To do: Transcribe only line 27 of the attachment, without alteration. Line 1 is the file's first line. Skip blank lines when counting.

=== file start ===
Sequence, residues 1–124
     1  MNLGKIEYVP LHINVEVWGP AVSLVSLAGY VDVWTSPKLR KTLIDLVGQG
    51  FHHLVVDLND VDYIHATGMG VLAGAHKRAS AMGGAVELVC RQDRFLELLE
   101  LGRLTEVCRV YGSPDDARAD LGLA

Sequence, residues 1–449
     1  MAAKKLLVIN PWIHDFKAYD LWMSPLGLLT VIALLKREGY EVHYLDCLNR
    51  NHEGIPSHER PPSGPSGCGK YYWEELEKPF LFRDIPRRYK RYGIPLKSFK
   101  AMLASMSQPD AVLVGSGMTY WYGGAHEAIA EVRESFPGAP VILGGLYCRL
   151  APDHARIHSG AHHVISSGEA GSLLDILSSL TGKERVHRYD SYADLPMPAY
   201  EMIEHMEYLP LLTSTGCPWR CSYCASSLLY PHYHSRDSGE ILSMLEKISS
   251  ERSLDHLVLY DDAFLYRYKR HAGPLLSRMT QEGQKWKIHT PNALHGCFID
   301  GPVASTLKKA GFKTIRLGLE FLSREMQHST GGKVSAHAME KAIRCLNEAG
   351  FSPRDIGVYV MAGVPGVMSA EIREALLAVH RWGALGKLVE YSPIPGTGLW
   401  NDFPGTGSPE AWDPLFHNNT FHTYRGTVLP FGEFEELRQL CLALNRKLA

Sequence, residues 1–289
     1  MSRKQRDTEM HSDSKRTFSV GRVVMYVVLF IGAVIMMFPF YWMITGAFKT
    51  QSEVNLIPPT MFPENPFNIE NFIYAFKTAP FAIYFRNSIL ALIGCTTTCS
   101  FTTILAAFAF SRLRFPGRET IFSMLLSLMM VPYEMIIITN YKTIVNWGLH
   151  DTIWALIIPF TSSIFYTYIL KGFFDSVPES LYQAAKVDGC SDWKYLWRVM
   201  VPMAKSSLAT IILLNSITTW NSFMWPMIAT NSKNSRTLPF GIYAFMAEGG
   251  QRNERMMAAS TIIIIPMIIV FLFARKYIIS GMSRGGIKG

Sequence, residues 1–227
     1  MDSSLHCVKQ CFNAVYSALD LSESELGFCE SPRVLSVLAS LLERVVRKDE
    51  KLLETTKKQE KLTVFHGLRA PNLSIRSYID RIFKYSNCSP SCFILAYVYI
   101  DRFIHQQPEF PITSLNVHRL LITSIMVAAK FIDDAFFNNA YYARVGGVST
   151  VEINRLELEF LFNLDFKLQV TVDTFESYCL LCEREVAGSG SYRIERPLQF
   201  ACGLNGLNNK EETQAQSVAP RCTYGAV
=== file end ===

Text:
   201  ACGLNGLNNK EETQAQSVAP RCTYGAV